Leftover Dots From Atoms And Constellations is YUH-SHIOH WONG’s first solo exhibition at Foxy Production. Wong presents paintings that appear to contain trace elements from dreams or memories that form and reform to produce deeply affecting visions and experiences. Her work ruptures the relationship between form and content, and between figure and field, subtly destabilizing our understanding of painting. With shards of acid color, or subtle shifts of hue, her palette gravitates between the beautiful and the discordant. In places, her brush-strokes seem to assault the canvas, while elsewhere washes of color ebb and flow.
In Wong’s paintings, the figure is always in flux. Its boundaries seem caught within a struggle between abstraction and representation. The dynamic force of these relations elicits meanings that seem to gel and then dissolve within the field of the canvas.
On studied reflection, her canvases begin to reveal moments of sentiment, humor, and drama. Hovering between landscapes and dreamscapes, they refuse conclusive definition, but their emotional charge and sensual pull is irresistible. Whether they be recollections of dreams, or unresolved memories of lived experience, they produce a mesmeric, almost cinematic experience of visualized imaginings, feelings, and responses.
Wong has developed a striking language of representations, a repertoire of imagery that includes animal, plant and architectural forms. Her animal-like figures signify life in its most experiential mode. Without a sense of identity, history, or reflexivity, but with a transparency and purity of action, animals may illuminate the experience of the pre-symbolic, or the nascent consciousness of early childhood. There is a sensation of newness, of a time when images are first seen, before words can define meaning.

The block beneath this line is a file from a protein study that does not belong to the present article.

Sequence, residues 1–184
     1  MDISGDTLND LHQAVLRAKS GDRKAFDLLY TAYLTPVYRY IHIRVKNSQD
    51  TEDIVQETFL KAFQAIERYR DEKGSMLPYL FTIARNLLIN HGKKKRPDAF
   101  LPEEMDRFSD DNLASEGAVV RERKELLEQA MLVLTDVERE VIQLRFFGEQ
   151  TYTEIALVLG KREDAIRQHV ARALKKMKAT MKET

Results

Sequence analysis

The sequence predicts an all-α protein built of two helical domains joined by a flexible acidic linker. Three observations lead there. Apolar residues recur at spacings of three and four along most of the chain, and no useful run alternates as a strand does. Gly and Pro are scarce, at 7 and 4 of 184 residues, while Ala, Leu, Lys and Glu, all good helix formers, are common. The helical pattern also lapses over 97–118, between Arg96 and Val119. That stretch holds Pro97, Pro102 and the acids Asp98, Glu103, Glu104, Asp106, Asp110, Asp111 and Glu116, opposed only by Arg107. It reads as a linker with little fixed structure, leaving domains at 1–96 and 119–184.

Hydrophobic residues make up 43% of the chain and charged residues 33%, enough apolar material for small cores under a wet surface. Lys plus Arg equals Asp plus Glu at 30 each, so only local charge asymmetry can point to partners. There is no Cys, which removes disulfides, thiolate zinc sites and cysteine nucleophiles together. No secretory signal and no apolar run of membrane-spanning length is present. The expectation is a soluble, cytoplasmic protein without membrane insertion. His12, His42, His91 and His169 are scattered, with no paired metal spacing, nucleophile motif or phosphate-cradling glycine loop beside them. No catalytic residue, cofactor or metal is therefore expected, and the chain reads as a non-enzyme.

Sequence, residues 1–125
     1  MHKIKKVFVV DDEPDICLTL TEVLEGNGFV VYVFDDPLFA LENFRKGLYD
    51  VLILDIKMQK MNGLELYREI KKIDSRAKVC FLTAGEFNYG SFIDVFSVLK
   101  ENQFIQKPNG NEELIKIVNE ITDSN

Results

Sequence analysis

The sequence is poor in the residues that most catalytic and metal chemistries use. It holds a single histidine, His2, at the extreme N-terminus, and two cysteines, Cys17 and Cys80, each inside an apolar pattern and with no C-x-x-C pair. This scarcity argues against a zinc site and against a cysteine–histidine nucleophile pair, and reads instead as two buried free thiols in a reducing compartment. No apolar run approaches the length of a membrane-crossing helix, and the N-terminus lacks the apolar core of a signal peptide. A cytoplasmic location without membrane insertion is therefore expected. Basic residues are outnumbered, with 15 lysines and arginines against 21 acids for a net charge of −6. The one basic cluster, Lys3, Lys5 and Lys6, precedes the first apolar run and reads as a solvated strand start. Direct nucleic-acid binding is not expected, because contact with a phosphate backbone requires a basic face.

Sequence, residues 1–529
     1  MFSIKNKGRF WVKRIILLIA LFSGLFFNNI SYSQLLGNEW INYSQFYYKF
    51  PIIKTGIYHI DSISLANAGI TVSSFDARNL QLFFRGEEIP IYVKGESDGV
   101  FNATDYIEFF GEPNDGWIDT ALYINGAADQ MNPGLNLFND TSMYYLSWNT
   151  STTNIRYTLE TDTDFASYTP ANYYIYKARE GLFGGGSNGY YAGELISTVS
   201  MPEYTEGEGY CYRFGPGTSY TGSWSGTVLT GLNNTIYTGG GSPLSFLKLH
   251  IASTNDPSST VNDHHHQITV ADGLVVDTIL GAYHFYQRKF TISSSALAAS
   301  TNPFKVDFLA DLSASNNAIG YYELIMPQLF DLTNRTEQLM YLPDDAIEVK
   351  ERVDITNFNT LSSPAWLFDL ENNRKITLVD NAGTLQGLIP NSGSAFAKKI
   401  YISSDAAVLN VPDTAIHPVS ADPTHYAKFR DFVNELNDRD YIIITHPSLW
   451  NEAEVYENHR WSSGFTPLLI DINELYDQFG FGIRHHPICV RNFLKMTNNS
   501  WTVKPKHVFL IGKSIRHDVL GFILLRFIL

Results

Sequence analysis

Wong’s bold palette may evoke the Fauvists, in particular Matisse and his experiments with representation through his use of bold color and dynamic brushstrokes. Her practice may also recall the composition and drama of Richard Tuttle’s work, who, like Wong, seems to collapse the divisions between painting and sculpture, and whose sheer inventiveness confounds expectations of contemporary painting.
Leftover Dots From Atoms And Constellations includes Living In Trees (2005), a painting that may initially appear abstract; however, with time, intriguing elements come to the fore. What may be eyes, ears, animals, fish, and buildings form part of an embedded narrative of conflict and resolution that begins take root. Cropped Forest With Yellow Leaves And Maybe A Cat (2006) also reveals its depth on considered reflection. One’s first impression is of bold colors brushing up against more tempered tones, and powerful brush-strokes evoking drama and action. Again with time, the painting’s details and subtleties appear, drawing the viewer into an emotional narrative that is more suggested than defined, like an incident half-understood and half-remembered from childhood.